The median income for a household in the city was $47,019, and the median income for a family was $57,245. Males had a median income of $47,350 versus $37,921 for females. The per capita income for the city was $22,972. About 14.6% of families and 19.4% of the population were below the poverty line, including 27.3% of those under age 18 and 12.7% of those age 65 or over.
|County government: Worcester County|
|Clerk of Courts:||Dennis P. McManus (D)|
|District Attorney:||Joseph D. Early, Jr. (D)|
|Register of Deeds:||Kathleen R. Daigneault (D)|
|Register of Probate:||Stephen Abraham (D)|
|County Sheriff:||Lew Evangelidis (R)|
|State Representative(s):||Stephen L. DiNatale (D)|
|State Senator(s):||Jennifer L. Flanagan (D)|
|Governor's Councilor(s):||Jen Caissie (R)|
|U.S. Representative(s):||Niki Tsongas (D-3rd District),|
|U.S. Senators:||Elizabeth Warren (D), Mo Cowan (D)|
|Voter Registration and Party Enrollment as of October 15, 2008|
|Party||Number of Voters||Percentage|
- Central Fire/EMS Headquarters -33 North Street
- Summer Street Station #1 -42 John Fitch Highway
- Oak Hill Road Station #2 -231 Fairmount Street
There are four law enforcement agencies that serve Fitchburg, two at the city level, one at the county level, and one at the state level.
- City level:
- Fitchburg Police Department - The Fitchburg Police Department is a full-service law enforcement agency with law enforcement responsibilities for 28 square miles (73 km2) and 192 miles (310 km) of public road. The department responds to over 40,000 incidents each year, while addressing the needs of a population of approximately 40,000 people in Central Massachusetts.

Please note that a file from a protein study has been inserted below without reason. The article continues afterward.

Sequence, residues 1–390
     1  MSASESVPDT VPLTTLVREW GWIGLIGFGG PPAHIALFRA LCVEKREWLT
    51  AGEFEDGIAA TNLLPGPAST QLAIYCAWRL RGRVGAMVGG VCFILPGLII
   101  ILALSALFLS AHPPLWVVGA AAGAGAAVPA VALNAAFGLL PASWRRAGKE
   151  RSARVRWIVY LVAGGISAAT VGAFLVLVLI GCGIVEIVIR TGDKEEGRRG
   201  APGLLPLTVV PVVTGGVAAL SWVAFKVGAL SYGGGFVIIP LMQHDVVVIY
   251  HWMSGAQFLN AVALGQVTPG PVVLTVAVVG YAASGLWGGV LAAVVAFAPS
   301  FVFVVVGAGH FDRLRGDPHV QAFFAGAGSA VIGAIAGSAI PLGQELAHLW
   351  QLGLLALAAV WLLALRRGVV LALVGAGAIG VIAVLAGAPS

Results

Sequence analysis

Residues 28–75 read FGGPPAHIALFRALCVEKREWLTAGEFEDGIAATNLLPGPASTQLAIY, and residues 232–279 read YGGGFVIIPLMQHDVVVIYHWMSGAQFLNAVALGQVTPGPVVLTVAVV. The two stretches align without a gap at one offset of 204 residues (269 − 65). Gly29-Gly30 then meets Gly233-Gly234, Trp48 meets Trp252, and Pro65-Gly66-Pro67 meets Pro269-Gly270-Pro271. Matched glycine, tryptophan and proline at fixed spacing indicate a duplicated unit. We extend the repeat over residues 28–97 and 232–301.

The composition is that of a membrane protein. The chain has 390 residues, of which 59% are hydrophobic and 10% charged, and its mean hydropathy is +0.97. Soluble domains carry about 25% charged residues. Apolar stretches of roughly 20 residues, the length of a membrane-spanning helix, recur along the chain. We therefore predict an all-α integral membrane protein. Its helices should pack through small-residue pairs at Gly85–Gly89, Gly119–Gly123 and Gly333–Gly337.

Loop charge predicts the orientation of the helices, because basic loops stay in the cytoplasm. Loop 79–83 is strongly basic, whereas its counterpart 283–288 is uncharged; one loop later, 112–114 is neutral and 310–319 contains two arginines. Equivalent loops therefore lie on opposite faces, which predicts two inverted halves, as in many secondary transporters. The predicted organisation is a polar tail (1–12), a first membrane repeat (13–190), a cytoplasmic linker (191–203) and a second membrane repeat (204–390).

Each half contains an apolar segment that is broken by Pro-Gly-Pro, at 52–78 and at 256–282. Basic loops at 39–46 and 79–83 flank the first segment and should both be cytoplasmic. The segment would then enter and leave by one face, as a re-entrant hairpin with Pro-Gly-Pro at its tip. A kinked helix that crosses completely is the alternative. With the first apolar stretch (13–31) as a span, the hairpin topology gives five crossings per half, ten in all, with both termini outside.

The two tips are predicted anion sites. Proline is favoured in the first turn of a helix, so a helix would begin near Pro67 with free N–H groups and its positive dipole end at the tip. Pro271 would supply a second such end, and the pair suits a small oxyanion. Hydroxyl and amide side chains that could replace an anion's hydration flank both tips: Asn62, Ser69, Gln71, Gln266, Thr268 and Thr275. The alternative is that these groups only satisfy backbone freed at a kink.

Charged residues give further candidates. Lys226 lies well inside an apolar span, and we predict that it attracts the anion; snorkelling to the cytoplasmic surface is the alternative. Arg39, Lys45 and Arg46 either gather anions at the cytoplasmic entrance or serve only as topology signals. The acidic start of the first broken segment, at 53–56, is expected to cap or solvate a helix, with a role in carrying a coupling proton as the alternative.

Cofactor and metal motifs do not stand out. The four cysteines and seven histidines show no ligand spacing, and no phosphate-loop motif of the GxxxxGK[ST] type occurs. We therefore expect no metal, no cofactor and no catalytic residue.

- Fitchburg State University Campus Police - The Fitchburg State University Police Department includes a Chief, two Lieutenants, one Sergeant, fourteen full-time Police Officers, three full-time Dispatchers. The police officers are fully trained, licensed, and armed as Special State Police Officers under Massachusetts General Law c.22c, 63 and c.73,18 as well as sworn Worcester County Deputy Sheriffs. In addition, in 2012 Fitchburg Mayor Lisa Wong swore in all FSUPD officers as Fitchburg special officers per request of the municipal police, expanding the campus police's ability to assist the city police. Officers possess full police powers and are responsible for the prevention of crime, the detection and apprehension of offenders, the preservation of public peace, and the enforcement of all criminal laws and state statues as well as compliance with the policies and regulations of the university.
- County level:
- Worcester County Sheriff
- State level:
- Massachusetts State Police - The Massachusetts State Police (MSP) is an agency of the Commonwealth of Massachusetts' Executive Office of Public Safety and Security responsible for criminal law enforcement and traffic vehicle regulation across the state. At present, it has approximately 2,200 officers and 400 civilian support staff, making it the largest law enforcement agency in New England.